Oh, and here's a little spoiler to get you hooked: Moses, Freud says, didn't just walk like an Egyptian. He actually was an Egyptian.

    Now let's unpack this text a little bit, shall we?

    1. Why might Freud have turned to religion at the end of his life? Does his interest in religion seem consonant with or different from his interest in literature?
    2. If you were to make Moses and Monotheism into a movie, who would you cast to play Moses? What about the other roles? Who would compose the music? What genre would the movie belong to: Biblical epic (like Ben Hur or Mel Gibson's The Passion of the Christ)? Western? Murder mystery? Go nuts thinking about a screen adaptation for the book. Go ahead, it's okay. Then ask yourself whether this exercise changed your understanding of Freud's text.
  • "Envy and Gratitude" by Melanie Klein (1957)

    Klein's ideas are wild. And this is a great introduction to her account of the wild world of infant life.

    She makes Freud's "polymorphously perverse" child look tame, in some ways, since the Kleinian infant is not just desirous. She's straight-up murderous. But not to worry: this isn't Chucky.

    "Envy and Gratitude" is kind of like a horror film for a time, but it has an unexpectedly happy ending. So stick with it. And chew on these questions when you get a chance. They'll do your body good.

    1. What relationship does Klein propose between envy and gratitude?
    2. Take a look at Question 2 under "Moses and Monotheism." Now try the same exercise, only this time, adapt "Envy and Gratitude" for the silver screen. You'll have to make different kinds of choices here. First, for instance, are you going to turn Klein's essay into a more plot-driven film, or something more like a visual collage? Again, ask yourself how thinking about a movie adaptation changed your relationship to the text.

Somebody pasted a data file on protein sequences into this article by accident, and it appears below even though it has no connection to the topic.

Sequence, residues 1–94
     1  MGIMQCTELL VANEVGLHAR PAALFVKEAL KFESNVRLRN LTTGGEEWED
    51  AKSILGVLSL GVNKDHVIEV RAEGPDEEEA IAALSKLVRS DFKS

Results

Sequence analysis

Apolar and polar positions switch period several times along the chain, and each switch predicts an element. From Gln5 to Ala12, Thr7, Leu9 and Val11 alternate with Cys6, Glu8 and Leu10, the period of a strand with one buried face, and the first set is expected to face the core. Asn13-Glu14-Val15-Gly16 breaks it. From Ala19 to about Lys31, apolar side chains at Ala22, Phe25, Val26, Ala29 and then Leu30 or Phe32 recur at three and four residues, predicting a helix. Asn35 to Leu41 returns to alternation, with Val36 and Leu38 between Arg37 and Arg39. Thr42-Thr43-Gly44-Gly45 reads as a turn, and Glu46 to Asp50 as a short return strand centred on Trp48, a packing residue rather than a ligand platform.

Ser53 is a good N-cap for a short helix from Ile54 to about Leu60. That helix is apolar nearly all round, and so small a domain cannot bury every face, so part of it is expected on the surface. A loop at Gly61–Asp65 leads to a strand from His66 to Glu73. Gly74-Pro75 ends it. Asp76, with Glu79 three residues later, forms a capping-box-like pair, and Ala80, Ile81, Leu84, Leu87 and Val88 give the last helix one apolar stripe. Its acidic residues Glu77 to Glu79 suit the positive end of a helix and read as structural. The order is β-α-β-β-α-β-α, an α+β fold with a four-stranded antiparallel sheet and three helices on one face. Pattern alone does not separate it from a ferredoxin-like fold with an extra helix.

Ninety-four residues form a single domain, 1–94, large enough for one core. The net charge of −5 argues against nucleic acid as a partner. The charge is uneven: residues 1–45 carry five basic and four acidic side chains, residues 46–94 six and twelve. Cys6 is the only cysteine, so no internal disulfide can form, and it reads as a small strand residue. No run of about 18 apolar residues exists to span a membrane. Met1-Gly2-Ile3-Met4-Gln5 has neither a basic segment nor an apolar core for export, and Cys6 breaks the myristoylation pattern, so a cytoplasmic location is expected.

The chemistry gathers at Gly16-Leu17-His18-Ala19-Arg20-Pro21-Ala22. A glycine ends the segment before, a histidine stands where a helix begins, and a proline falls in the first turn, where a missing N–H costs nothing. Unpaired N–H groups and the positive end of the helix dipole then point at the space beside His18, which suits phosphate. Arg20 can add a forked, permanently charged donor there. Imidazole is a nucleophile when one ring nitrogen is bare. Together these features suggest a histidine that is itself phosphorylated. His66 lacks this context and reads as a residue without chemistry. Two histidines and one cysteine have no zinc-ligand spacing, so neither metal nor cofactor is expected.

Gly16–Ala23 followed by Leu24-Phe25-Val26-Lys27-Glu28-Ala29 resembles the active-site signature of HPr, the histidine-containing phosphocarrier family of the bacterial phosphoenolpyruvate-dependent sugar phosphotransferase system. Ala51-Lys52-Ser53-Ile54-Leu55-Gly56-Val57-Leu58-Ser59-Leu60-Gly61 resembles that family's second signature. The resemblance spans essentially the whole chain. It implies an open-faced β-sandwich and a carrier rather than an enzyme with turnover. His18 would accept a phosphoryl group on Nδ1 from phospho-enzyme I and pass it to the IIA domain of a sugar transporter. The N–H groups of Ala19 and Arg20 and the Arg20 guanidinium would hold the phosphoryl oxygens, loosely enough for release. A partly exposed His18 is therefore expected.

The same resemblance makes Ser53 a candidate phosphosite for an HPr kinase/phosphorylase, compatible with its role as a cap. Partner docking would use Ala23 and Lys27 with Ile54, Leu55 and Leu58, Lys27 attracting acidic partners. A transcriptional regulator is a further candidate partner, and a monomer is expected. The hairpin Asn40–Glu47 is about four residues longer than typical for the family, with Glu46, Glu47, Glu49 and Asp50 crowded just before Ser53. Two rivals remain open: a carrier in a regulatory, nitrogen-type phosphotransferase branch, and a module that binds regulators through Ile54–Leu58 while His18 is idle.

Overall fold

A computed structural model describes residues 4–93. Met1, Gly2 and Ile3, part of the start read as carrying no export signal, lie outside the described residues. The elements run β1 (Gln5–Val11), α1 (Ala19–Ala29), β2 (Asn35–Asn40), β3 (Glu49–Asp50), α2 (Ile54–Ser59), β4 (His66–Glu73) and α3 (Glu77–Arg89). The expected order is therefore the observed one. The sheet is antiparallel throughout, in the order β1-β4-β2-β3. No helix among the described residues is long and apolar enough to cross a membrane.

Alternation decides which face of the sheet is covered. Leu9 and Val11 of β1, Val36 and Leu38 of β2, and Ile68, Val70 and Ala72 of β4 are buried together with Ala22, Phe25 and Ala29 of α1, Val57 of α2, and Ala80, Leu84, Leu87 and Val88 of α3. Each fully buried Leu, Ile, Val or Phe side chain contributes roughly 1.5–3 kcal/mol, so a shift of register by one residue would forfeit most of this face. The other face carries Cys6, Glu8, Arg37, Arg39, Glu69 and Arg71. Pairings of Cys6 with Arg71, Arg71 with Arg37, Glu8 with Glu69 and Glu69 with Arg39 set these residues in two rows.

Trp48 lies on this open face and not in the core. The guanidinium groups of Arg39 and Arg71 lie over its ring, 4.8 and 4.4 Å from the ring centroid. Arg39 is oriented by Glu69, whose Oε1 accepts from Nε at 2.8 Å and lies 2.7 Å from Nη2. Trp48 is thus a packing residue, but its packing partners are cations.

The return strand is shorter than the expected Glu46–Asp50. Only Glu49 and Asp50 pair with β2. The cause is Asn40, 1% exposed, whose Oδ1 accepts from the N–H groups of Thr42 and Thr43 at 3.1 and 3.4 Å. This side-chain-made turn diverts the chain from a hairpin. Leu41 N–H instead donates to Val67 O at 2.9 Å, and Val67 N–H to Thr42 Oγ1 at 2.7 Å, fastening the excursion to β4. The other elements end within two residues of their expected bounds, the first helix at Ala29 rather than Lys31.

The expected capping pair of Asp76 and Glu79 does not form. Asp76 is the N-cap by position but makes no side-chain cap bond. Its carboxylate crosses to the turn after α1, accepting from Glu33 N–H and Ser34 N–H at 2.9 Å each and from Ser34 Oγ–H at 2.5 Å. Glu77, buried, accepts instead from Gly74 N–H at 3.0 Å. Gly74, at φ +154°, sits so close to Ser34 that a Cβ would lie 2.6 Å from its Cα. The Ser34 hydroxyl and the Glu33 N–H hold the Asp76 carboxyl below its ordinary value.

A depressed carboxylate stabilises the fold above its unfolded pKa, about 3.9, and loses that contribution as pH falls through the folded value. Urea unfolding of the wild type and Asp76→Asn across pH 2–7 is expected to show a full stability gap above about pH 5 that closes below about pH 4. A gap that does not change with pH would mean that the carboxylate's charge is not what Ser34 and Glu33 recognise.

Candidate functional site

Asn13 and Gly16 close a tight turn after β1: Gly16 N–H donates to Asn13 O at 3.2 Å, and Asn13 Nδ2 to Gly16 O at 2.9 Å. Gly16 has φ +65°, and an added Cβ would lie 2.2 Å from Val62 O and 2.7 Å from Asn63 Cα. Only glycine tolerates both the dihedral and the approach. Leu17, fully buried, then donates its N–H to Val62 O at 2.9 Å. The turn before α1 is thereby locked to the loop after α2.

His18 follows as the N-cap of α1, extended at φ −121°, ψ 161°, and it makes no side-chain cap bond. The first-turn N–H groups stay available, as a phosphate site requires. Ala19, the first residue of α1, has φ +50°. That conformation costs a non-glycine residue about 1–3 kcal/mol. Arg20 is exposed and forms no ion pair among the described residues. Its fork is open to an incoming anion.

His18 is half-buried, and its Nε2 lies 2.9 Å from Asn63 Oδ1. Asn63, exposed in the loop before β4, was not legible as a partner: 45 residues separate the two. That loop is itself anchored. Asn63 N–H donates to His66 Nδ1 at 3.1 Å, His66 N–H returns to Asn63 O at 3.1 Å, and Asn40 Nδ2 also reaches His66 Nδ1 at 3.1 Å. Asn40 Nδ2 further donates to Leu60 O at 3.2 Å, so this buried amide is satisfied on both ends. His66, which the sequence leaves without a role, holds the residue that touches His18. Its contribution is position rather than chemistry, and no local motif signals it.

• The Four Fundamental Concepts of Psychoanalysis by Jacques Lacan (1973)

    The Four Fundamentals are not for the faint of heart. In fact, they're barely readable for the most hardcore lit critics among us. But it's worth at least spending some time staring at the pages of this book.

    If nothing else, the text will give you a sense of just how opaque Lacan's thinking can be. But you may find that there are lucid moments—on repetition, or the gaze, or the transference, meaning the relationship between patient and analyst—amid the labyrinth of technical terms and elliptical interpretations.

    Have fun, we guess? And if you do give this work a go, we think these questions might help light your way.

    1. Why would Lacan choose to write in such a difficult style? What work does Lacan's language do for the reader (aside from making her super confused)?
    2. What on earth is the objet petit a, and why does Lacan think it's important? Try giving a definition that's as basic as possible—and then see what's lost in your translation of Lacan's phrase, and what's gained.
  • "Trauma TV: Twelve Steps Beyond the Pleasure Principle" by Avital Ronell (1994)

    If you think this tour de force by our fave feminist deconstructionist won't interest you, think again.

    If you've got the theory guts to try and the endurance to stick this one out, you won't regret it. We promise. With astonishing intelligence and razor-sharp wit, Ronell demonstrates the relevance of Freud's trauma theory to the social landscape of the 1990s: including all the spectacles and the media-broadcast wars.

    Avital Ronell places psychoanalytic theory alongside the Rodney King riots, to unbelievable effect. Seriously. See for yourself.

    1. Why does Ronell turn her attention to "the wasted, condemned bodies that crumble before a television"? How could these bodies inspire us to rethink our own ethics?
    2. What do you make of the form of Ronell's essay? What is the "twelve-step" structure about? And what about those wacky repeated interruptions from the broadcast?